Polypropylene, commonly abbreviated as PP, is one of the most common and important plastics used today. It is a thermoplastic that has practical applications in many different industries. Its strength, flexibility, and resistance to damage means polypropylene film is an excellent material for various types of storage and labeling applications. In addition, polypropylene’s ability to withstand heat combined with chemical resistance to organic compounds makes it a good choice in particular for food and beverage packaging.In recent years, the digital revolution has changed the landscape of the flexpackaging and labeling industries, challenging manufacturers to meet demands for high design flexibility and shorter time to market. Digital laser converting provides the solution with on-the-fly customization, zero contact processing, and repeatable results. Synrad high performance CO2 lasers are ideally suited for many of these applications due to our long wavelength’s superior absorption in many common film materials. In the specific case of polypropylene films, simply changing the CO2 wavelength slightly from the standard 10.6 µm to more optimally absorb into that particular material can result in significant speed and process quality improvements.
Chemical Properties and Absorption Characteristics of PP
To efficiently use the laser energy in the process, the photons of the laser beam must be absorbed into the material rather than transmitted or reflected back. This leads to efficient vaporization of the material with little energy lost due to passing through the material, melting, or chemical degradation processes. When absorbing Infrared Radiation (IR), a polymer molecule’s chemical bonds will vibrate. These vibrations will stretch and bend the bonds within the polymer chain. However, for that absorption to occur, the energy level of the IR photons at a specific frequency must match the distinct vibrational energy differences within the molecule. This can be expressed by this equation.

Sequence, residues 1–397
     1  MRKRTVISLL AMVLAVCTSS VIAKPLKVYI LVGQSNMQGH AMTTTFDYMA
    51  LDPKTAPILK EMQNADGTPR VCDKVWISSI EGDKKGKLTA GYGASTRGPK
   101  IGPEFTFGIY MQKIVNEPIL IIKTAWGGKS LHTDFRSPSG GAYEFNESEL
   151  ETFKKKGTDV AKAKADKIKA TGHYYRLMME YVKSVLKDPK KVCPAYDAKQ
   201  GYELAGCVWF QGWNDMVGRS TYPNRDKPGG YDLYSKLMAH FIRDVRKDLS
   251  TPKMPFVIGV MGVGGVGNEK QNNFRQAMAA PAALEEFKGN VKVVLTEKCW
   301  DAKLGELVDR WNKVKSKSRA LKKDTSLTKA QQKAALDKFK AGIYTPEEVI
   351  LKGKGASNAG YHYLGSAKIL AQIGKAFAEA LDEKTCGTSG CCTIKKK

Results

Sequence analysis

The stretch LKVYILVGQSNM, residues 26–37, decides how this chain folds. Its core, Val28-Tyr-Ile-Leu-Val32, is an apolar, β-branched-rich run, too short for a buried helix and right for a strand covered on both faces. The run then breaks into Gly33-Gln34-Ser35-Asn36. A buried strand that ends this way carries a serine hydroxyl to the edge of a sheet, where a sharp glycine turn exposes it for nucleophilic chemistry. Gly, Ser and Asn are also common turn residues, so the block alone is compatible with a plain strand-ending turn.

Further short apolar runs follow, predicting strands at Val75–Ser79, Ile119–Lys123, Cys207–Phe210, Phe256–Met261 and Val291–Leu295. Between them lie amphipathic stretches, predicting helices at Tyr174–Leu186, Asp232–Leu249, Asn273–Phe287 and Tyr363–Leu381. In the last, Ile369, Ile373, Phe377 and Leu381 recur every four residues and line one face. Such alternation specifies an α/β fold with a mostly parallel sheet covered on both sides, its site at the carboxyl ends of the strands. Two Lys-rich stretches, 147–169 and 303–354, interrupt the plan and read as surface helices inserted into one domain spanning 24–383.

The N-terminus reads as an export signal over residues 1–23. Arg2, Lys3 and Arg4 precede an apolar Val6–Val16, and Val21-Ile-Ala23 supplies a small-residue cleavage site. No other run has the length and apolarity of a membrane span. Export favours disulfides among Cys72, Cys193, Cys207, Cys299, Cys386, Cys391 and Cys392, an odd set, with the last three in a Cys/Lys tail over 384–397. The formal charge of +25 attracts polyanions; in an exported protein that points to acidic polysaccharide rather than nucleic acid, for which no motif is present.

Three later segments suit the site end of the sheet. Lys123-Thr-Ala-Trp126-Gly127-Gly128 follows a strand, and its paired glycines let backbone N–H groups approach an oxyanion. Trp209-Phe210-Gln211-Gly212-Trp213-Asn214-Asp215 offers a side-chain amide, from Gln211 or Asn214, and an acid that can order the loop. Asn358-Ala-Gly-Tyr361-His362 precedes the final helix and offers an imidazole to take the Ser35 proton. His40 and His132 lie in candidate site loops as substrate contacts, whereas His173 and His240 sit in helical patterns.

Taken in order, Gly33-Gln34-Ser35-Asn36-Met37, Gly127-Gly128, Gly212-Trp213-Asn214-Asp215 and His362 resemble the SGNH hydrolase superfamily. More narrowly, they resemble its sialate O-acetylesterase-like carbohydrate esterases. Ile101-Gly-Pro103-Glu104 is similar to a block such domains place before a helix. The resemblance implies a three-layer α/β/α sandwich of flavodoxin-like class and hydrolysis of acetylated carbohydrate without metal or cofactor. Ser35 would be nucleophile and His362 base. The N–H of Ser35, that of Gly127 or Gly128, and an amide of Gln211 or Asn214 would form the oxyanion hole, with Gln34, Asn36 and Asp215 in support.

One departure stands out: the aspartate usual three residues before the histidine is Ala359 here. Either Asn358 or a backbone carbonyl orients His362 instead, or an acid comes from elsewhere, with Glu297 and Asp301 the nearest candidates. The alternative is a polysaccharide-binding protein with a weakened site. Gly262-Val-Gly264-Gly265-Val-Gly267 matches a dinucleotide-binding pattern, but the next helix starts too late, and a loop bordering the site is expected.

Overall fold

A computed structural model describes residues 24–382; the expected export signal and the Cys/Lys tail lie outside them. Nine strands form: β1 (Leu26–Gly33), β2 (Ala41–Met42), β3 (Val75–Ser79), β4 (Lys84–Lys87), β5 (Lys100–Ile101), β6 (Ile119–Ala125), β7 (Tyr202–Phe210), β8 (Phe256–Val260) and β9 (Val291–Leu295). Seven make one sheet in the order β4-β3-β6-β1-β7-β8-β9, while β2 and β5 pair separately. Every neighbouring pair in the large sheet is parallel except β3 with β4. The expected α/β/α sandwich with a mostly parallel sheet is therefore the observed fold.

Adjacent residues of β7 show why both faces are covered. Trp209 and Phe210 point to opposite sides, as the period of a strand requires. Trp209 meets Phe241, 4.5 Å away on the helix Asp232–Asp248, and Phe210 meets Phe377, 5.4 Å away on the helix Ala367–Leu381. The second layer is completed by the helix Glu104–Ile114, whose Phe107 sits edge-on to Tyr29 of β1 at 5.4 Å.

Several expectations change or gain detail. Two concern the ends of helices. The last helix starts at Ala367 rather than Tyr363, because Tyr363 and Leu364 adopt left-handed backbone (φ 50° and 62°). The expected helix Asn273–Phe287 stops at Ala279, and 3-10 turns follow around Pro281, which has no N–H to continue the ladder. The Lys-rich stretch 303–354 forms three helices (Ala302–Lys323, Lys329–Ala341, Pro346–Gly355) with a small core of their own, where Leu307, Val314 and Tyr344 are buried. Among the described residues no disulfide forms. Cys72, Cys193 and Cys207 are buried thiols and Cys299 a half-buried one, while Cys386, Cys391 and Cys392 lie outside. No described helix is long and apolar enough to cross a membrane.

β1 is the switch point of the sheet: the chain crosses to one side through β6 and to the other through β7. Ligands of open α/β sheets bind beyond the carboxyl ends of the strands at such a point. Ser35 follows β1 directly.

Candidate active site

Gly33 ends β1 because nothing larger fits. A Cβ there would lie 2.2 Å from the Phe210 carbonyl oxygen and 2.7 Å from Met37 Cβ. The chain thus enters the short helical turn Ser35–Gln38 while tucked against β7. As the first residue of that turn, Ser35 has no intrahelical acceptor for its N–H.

v is the frequency of the photons (Hz) k is the force constant of the molecule (N/m) µ is the reduced mass (kg)In a generalized sense for the stretching case, these vibrational energy differences in the molecule can be thought of in a classical mechanics sense as a two body system connected by a spring:
The reduced mass constant of this simple system is found by:
Long polymerized polypropylene molecular chains are typically linked together through single bonds between the carbon atoms (C) in the chain: C–C, with a force constant, k, of approximately 335 N/m between them in many common propylene orientations. So in the above diagram the two spheres would be carbon atoms. The mass of a carbon atom is 1.99x10-26 kg, so setting both M1 and M2 to this value gives us a reduced mass, µ, of 9.97x10-27 kg. Solving for the frequency, v, in the first equation, we find a value of 29.2 terahertz. Converting this to the wavelength of IR radiation needed through the relation ʎ = c / v, where c is the speed of light: 3.00x108 m/s, we find a value of about 10.27 µm. This is the specific wavelength of light required to provide photons at the energy level that matches the vibrational energy to stretch the C-C bond in the polypropylene chain. These vibrations quickly heat the molecule until the material vaporizes. When we experimentally measure the absorption curve of polypropylene film with an FTIR spectrometer, we find that there is indeed a very strong absorption peak at that wavelength.It should be noted that there are also more complex bending vibrations of the molecule that contribute to this absorption curve as well, but this is outside the technical scope of this paper.